Trees, stockings, wreaths, stars and presents- there are so many things that just scream Christmas, but why do we use these as Christmas symbols and what do they mean? Do you know why you set up a tree every year? How about candy canes, what’s the deal with those? Let’s find out.
A look at some of the most common Christmas Symbols:
The earliest Christmas trees actually originated in Egypt and symbolized the triumph of life over death. The first traditional Christmas tree came from Germany, however. The trees were meant to symbolize the people’s hope for the coming spring and a good harvest. They also believed the trees warded off witches and evil spirits. The Christmas tree was not automatically accepted as a one of the Christmas symbols in the Christian Christmas as it was thought to be a pagan symbol. You certainly wouldn’t know that today though, as the Christmas tree has been welcomed to the Christmas symbols club in all its glory.
Santa Claus is another of the Christmas symbols that is a bit muddled in its history. Some people believe he is yet another attempt to change Pagan gods into Christian acceptable alternatives. Others believe Santa was a real person named Saint Nicholas born in the 4th century. For fairness sake, both will be explained here.
According to the Pagan faith, Santa Claus is actually a combination of the Roman god Neptune of the sea and Nickar the Teutonic God of the Harvest. He also pulls several attributes from other Pagan gods. In the Christian faith, it’s believed Santa was a Bishop who later became a saint for his good deeds. Saint Nicholas is the patron saint of the sea and children. He is said to have used his fortune to give gifts to poor children on Christmas.
In either case, Santa Claus is meant to symbolize generosity and helping those in need.
The Christmas stocking is said to have originated in a nobleman’s home who after the death of his wife squandered his fortune making it impossible for his three daughters to marry. Saint Nick, previously mentioned above, felt pity on the girls and threw bags of coins down their chimney. Their stockings which had been hung there to dry by the fire caught the gifts. Stockings are still hung today to hold gifts from Santa Claus. They have no real symbolism, but are still considered one of the popular Christmas symbols.
Christmas Wreaths and/or Holly and Mistletoe:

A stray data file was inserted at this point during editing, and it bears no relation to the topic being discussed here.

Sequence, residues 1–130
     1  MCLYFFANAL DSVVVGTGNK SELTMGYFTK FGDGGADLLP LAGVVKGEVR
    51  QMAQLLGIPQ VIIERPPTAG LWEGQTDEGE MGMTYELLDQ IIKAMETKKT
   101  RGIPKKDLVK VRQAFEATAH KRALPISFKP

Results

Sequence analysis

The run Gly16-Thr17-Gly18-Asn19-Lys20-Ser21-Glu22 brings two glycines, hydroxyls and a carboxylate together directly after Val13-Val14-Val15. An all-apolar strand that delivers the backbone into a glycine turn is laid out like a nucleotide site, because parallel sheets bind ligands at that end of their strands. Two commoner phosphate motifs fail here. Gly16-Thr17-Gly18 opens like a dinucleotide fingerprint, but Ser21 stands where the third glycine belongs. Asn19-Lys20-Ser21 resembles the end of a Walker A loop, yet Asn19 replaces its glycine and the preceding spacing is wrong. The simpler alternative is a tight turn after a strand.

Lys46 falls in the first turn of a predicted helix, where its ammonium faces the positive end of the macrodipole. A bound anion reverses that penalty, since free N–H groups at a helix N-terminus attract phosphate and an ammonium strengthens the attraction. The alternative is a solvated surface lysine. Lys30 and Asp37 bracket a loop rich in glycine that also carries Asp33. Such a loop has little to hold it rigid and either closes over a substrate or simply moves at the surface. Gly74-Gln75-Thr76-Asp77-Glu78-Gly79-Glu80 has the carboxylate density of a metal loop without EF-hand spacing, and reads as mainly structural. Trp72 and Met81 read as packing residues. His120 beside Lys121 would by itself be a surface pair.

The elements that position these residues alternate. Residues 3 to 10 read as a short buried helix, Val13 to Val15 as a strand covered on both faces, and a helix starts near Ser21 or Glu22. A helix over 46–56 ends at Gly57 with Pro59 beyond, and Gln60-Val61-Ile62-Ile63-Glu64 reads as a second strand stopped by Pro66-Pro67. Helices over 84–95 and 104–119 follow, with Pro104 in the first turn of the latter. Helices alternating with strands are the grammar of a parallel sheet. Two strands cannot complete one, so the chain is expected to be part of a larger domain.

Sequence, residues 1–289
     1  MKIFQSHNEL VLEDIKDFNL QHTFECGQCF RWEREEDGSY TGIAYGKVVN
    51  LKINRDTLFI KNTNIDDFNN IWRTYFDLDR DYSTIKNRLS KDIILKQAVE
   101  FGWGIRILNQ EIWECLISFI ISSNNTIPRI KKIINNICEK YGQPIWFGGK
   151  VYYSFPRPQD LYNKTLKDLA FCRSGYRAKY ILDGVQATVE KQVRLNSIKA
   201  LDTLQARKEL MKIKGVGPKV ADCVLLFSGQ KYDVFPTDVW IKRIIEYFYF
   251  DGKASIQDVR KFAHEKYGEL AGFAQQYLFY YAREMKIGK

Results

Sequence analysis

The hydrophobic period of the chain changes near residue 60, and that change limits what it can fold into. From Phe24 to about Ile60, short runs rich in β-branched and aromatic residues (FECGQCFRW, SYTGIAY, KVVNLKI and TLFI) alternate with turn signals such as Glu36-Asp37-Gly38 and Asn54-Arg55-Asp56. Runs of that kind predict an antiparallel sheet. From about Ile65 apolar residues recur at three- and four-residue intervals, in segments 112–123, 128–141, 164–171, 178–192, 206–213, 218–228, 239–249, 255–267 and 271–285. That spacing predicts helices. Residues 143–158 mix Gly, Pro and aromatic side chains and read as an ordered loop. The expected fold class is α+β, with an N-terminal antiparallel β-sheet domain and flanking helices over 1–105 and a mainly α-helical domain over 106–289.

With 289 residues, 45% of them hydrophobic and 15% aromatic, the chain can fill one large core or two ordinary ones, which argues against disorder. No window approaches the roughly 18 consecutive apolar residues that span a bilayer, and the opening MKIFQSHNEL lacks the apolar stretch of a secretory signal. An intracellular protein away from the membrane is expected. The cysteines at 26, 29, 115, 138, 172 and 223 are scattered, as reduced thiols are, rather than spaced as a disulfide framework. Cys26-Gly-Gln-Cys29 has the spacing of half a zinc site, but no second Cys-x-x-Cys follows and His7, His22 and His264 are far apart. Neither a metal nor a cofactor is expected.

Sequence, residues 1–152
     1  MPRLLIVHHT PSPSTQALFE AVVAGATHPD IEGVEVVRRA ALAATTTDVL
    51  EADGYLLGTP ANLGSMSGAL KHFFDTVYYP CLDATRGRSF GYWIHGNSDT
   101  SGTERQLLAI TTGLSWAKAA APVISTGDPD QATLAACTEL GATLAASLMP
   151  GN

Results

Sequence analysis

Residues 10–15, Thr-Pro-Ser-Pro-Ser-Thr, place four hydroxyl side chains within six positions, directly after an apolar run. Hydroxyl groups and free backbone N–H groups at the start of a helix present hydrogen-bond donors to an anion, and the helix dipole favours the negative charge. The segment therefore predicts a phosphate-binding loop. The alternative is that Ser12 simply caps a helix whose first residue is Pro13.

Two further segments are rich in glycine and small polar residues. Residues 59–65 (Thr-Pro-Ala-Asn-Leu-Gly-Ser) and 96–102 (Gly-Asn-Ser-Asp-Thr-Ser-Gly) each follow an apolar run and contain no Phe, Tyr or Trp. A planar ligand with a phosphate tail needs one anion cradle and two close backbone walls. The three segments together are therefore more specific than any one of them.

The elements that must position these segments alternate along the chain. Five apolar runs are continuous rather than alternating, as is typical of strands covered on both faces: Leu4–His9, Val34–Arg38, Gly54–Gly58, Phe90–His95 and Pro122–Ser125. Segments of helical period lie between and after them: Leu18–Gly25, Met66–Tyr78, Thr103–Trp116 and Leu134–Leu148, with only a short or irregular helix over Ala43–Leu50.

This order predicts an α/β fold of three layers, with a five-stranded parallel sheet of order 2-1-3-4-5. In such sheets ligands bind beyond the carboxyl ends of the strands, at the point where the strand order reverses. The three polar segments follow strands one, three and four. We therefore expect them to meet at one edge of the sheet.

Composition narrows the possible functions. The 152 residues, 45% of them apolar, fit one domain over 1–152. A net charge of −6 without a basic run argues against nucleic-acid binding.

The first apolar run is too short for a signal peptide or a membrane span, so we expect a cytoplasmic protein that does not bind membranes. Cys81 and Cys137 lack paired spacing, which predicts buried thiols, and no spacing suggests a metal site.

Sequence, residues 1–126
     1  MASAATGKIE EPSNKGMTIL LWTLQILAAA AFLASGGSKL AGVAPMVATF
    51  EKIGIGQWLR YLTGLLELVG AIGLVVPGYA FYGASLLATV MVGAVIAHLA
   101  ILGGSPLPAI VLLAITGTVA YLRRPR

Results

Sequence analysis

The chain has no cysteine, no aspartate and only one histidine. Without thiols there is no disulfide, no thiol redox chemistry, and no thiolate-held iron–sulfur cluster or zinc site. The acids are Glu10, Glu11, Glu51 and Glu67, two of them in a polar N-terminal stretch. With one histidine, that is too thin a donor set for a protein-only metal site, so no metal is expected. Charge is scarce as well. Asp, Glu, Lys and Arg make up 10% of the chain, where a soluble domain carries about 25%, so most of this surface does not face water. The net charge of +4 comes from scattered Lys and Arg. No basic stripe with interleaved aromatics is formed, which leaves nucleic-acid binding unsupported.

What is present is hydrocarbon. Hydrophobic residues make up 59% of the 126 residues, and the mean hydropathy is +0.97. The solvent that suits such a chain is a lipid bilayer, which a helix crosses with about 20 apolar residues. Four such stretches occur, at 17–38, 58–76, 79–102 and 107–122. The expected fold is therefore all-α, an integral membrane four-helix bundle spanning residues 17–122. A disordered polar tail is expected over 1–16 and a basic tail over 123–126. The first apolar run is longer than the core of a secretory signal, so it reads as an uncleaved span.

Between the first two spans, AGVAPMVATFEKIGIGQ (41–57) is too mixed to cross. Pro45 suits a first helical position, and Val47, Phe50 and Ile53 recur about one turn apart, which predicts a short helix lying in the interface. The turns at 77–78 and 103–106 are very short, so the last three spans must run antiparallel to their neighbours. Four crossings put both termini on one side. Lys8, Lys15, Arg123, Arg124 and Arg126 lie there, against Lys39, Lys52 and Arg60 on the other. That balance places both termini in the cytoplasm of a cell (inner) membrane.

The wreath is a Pagan symbol of eternity. The circular shape of the Christmas Wreath represents life’s never ending circle and the interconnection of all things. Pagans believe wreaths protect from evil spirits and bring good luck. Traditionally, Holly and Mistletoe are also hung in homes at Christmas and are believed to have healing properties to the inhabitants. However, the Christian Church banned this Pagan tradition initially and later began claiming the Christmas wreath of holly represented the never ending love of Christ.
Mistletoe snuck back into the scene regardless of the ban at New Year’s rather due to the mysterious Christmas superstition arising that it was bad luck during Christmas. The custom of kissing under the mistletoe comes from the Scandinavian goddess of love Frigga, whose plant is mistletoe.
Christmas Star Tree Toppers:
One of the few Christian Christmas symbols, the star tree topper comes from the story of the birth of Christ. It is said a guiding star led Mary and Joseph to Jerusalem to birth Jesus. Though it should be noted the star is a long standing symbol in many cultures pre-dating Christianity. The star in regards to Christmas now represents hope and high ideals.
Christmas presents being given began in ancient Rome during the Winter Solstice. Gifts were placed in evergreen trees to honor the sun god as well as bring the receiver luck and prosperity. Later gift giving was ascribed to the bringing of gifts at the birth of Jesus by the three kings.
In both cases, Christmas presents are meant to represent generosity, love, and the gift of giving.
Candy canes were born out the tradition of decorating Christmas trees with food items in Germany. The candy cane was designed to be a sweet treat that resembled the shape of a Sheppard’s cane meant to represent the leading of the people by god as their Sheppard.
If you enjoyed learning about these Christmas symbols and you’re wondering about why we eat ham at Christmas, check out this sister piece complete with leftover ham recipes.